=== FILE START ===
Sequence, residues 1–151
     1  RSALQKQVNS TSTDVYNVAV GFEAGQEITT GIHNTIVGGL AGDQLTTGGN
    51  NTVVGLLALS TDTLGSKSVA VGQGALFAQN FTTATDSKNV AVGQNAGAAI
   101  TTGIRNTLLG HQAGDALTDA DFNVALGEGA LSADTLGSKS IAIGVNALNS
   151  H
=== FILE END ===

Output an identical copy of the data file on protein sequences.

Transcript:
Sequence, residues 1–151
     1  RSALQKQVNS TSTDVYNVAV GFEAGQEITT GIHNTIVGGL AGDQLTTGGN
    51  NTVVGLLALS TDTLGSKSVA VGQGALFAQN FTTATDSKNV AVGQNAGAAI
   101  TTGIRNTLLG HQAGDALTDA DFNVALGEGA LSADTLGSKS IAIGVNALNS
   151  H